Borah Creek Prairie

Borah Creek Prairie

Borah Creek Prairie

The 45-acre Alexander oak savanna is named for Dick and Joan Alexander who purchased the property in 1965. They lovingly owned and cared for the land for over 50 years, and in 2018 they generously sold the property through a bargain sale to The Prairie Enthusiasts. 

Since 2000, the St. Croix Valley chapter has been cooperatively managing the property with the Alexanders.  This effort has resulted in one of the largest restored dry-mesic prairie and oak savanna complexes in our chapter’s geographic area.

SITE STEWARDS

ST. CROIX VALLEY CHAPTER

ACCESS & DIRECTIONS

The site is located in Pierce County, approximately four miles south of River Falls on state highway 65 and 0.2 miles south of the Town of River Falls Town Hall.  There is a parking area access at the south end of the property.

Google Map

Description & Significance

Alexander oak savanna is located in Pierce county, WI, within the Kinnickinnic River watershed and the Western Prairie Ecological Landscape (a Wisconsin DNR designation).

The dry prairie and oak savanna remnants found on the site are some of the best example of these habitat types in the Western Prairie Ecological Landscape. We have identified 120 native species on the site, including buffalo bean (Astragalus crassicarpus), kittentails (Besseya bullii), and prairie turnip (Pediomelum esculentum), all are threatened or special concern in Wisconsin.

Previously documented but yet to be rediscovered at the site are the endangered species Carolina anemone (Anemone caroliniana) and prairie bushclover (Lespedeza leptostachya). The prairie turnip was a new discovery in 2018, showing promise for the possible rediscovery of the prairie bushclover and Carolina anemone with further site management.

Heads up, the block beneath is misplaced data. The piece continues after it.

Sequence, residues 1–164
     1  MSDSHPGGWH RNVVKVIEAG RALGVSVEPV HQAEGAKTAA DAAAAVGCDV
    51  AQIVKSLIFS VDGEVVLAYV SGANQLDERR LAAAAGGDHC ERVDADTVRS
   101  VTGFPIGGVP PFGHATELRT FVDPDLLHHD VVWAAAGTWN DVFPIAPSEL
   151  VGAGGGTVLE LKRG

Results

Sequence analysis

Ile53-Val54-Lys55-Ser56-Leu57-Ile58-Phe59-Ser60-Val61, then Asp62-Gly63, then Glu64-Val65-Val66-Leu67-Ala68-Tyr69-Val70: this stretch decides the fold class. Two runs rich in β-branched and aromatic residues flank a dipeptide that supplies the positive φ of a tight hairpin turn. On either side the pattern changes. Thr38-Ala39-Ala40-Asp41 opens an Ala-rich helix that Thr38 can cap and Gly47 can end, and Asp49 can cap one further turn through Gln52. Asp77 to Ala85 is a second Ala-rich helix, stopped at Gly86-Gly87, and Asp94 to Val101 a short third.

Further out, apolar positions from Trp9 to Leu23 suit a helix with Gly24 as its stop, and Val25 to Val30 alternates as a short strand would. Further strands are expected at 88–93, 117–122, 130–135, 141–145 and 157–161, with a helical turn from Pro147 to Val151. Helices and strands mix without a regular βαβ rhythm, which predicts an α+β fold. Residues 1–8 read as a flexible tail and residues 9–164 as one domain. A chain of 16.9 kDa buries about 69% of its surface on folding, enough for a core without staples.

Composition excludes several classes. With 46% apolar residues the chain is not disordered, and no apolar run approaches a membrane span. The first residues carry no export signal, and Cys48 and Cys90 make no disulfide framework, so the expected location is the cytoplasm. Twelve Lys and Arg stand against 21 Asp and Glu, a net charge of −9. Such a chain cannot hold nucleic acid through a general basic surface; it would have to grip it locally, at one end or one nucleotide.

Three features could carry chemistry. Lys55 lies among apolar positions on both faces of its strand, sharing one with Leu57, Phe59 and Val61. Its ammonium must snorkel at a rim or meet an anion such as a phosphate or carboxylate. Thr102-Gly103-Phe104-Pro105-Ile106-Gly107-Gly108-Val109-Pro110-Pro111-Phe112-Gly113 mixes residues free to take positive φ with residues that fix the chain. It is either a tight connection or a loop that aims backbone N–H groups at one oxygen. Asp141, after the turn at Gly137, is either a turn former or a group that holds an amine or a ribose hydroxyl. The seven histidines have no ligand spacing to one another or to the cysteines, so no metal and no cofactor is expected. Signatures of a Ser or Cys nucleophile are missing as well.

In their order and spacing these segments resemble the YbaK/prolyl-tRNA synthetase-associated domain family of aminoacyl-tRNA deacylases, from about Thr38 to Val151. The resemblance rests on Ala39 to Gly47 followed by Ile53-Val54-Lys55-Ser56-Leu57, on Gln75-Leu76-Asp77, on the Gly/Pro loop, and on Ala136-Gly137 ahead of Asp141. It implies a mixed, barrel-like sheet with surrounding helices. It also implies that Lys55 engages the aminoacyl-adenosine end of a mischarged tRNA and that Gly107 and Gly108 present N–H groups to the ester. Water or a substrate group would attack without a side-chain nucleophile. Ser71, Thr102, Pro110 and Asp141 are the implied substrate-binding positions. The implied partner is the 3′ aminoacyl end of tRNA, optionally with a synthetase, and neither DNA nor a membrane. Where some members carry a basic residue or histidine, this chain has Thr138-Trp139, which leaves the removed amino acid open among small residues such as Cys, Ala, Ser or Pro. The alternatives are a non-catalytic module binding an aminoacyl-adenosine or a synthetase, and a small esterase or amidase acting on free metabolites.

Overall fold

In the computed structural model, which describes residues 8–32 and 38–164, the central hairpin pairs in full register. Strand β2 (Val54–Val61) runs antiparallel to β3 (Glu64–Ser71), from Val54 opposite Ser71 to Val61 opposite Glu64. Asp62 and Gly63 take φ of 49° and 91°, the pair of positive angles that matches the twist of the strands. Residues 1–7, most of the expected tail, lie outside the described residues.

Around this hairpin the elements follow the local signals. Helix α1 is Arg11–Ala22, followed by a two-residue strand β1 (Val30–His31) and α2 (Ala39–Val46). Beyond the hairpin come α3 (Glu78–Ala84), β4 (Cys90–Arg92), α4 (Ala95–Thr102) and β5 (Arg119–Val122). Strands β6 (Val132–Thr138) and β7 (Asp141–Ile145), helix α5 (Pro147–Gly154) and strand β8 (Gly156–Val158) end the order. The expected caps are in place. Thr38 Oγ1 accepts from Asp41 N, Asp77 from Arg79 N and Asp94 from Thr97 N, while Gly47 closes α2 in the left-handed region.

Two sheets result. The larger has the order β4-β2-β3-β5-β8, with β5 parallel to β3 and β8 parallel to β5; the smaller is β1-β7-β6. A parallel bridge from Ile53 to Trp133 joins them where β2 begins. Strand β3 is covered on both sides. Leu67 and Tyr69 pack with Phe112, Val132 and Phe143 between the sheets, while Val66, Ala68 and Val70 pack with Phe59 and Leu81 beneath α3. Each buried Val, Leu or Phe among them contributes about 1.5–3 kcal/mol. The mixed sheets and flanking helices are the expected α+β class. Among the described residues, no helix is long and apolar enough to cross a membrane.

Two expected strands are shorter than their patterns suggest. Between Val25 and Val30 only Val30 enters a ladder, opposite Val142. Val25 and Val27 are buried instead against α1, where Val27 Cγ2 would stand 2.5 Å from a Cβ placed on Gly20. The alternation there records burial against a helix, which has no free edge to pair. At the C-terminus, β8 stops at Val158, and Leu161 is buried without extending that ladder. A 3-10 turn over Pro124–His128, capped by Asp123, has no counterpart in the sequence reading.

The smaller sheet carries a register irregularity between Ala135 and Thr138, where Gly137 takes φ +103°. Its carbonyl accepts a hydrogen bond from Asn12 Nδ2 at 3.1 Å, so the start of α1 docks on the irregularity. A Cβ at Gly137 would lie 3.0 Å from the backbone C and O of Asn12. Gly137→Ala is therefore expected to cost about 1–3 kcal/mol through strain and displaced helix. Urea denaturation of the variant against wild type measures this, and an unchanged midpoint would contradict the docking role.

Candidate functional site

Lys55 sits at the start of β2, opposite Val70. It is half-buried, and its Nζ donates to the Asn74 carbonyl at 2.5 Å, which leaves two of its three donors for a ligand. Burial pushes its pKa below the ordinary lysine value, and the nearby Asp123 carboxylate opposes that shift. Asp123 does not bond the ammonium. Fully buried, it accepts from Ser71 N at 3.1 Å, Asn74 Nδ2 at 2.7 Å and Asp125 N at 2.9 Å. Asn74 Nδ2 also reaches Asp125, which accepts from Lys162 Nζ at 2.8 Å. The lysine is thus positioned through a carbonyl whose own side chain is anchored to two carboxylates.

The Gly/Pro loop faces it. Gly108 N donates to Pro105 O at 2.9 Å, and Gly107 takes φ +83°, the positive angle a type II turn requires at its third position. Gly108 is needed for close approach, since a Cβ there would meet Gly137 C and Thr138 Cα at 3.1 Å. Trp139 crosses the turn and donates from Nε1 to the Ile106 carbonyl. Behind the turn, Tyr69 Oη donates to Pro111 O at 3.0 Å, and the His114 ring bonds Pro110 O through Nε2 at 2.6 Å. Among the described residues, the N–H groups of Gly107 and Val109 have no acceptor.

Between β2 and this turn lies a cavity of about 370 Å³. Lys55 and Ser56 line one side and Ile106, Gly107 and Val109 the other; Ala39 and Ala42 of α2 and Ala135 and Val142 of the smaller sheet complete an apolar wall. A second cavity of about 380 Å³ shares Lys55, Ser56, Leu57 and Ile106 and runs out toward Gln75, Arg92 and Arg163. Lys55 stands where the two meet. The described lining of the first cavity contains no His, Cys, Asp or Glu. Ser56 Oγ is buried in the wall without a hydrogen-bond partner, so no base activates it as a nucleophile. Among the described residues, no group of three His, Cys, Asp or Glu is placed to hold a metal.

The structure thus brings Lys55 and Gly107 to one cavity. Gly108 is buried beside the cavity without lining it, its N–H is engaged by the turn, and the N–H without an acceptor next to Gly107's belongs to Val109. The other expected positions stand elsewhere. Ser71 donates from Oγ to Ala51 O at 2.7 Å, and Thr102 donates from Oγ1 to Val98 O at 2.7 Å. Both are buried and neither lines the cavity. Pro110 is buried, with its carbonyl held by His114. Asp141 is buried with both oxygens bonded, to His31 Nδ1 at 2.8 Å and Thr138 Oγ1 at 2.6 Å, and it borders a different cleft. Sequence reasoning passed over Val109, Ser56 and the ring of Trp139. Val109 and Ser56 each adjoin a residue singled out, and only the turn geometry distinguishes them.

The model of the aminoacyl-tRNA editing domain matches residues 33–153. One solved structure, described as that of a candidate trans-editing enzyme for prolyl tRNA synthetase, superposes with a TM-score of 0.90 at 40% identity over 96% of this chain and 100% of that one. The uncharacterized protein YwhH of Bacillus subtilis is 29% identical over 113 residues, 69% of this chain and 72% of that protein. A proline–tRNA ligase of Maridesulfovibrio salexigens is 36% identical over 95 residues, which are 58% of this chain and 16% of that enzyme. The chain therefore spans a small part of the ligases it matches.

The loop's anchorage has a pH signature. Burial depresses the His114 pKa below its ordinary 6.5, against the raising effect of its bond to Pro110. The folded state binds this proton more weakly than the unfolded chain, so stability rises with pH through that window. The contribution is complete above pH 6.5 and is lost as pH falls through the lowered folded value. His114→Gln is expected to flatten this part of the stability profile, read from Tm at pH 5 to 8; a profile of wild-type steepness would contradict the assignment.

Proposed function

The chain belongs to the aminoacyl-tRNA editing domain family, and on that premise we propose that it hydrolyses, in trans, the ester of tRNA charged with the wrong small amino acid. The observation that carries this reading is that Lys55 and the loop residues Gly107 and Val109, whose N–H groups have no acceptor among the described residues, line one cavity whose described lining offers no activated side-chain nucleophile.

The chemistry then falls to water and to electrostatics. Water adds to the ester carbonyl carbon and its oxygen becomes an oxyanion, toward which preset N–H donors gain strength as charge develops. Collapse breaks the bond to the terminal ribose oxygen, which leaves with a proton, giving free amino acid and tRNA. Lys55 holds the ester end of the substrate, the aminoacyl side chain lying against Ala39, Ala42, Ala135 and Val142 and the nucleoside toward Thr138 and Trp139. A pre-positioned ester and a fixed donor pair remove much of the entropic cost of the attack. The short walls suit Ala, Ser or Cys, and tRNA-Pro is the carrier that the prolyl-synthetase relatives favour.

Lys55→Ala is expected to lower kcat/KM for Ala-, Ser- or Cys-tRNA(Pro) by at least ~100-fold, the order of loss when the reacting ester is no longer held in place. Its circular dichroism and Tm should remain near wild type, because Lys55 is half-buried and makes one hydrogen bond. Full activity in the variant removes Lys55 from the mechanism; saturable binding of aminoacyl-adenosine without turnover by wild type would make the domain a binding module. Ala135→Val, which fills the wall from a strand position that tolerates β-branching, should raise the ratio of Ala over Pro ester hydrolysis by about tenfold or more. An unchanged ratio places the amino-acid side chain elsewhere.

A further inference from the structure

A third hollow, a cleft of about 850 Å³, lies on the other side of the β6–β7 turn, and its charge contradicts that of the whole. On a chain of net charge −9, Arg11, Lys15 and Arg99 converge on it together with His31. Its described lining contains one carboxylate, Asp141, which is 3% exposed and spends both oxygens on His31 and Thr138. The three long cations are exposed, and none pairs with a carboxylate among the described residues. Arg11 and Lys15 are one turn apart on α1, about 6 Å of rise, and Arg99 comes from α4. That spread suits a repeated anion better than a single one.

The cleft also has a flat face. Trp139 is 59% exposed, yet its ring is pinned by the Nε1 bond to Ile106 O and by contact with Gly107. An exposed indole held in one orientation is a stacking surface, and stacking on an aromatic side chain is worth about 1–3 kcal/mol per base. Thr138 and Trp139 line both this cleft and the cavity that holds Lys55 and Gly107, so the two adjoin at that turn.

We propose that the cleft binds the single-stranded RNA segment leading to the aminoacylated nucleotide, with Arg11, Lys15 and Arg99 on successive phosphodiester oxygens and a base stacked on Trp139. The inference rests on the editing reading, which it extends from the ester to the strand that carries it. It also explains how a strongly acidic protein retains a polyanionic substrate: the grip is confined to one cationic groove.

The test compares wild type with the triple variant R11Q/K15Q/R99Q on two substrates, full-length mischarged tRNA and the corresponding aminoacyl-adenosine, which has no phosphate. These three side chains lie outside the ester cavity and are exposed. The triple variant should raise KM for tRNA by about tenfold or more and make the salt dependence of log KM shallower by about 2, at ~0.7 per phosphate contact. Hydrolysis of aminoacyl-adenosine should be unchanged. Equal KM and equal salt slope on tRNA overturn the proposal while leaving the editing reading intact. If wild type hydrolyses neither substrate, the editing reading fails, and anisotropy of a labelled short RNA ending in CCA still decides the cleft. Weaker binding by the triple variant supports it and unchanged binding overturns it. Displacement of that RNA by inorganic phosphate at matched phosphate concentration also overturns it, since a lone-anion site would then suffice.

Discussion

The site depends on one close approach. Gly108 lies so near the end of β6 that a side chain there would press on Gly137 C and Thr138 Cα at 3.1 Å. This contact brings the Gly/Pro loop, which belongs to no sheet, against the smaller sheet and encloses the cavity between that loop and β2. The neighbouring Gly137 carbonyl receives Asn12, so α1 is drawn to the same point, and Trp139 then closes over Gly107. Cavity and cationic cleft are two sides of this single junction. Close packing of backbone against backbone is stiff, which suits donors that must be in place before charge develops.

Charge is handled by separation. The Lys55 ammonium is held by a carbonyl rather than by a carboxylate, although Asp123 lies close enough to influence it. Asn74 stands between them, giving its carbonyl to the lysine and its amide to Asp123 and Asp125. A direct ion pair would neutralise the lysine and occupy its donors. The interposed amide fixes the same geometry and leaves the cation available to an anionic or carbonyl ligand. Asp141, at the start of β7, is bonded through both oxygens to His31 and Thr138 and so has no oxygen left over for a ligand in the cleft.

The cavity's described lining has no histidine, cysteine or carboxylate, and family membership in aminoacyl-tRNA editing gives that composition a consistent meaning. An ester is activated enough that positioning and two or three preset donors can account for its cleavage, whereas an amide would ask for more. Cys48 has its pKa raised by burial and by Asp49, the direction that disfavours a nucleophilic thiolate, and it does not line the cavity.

Usage Policies

Allowed:

  • Outdoor Recreation
  • Hunting (for all species, no permit or reservation required)
  • Trapping (for all species, no permit or reservation required)

Not Allowed:

  • Collecting Plants, Seeds, Rocks or Animals without permission from The Prairie Enthusiasts

 

 

Ownership History

Dick and Joan Alexander purchased the property in 1965, and used it for decades as a resource for family activities, hunting and firewood gathering. The Wisconsin chapter of The Nature Conservancy recognized the resource significance of the site, and in 1985, secured a first right of refusal for the purchase of the property should it ever be offered for sale. This right was transferred to TPE in 2003. In 2018, the Alexanders generously accepted an offer from TPE for the purchase of the property, ensuring its continued resource recovery through TPE management. 

Dick has actively participated in the work parties and burning over the years with both TNC and TPE.

Management

Prior to 2000, the site was managed by The Nature Conservancy through their volunteer site steward program.  Since assuming management responsibility in 2000, TPE’s efforts have focused on the removal of such invasive species as buckthorn, Siberian elm, and red cedar. Regular prescribed burns are conducted in late winter or early spring. TPE has also re-introduced appropriate species native to this area by overseeding portions of the site with locally collected seed.

The restoration work has been done mainly by TPE volunteers, but the chapter has also received land management grants from the U.S. Fish and Wildlife Service and the Wisconsin Department of Natural Resources to hire contractors to assist with this work.  We have also been fortunate to have the assistance of many University of Wisconsin River Falls students who have participated in a variety of site management activities.  Throughout TPE’s management history of the site, Dick Alexander has shown his continued support for our efforts by participating in many of the on-site work parties.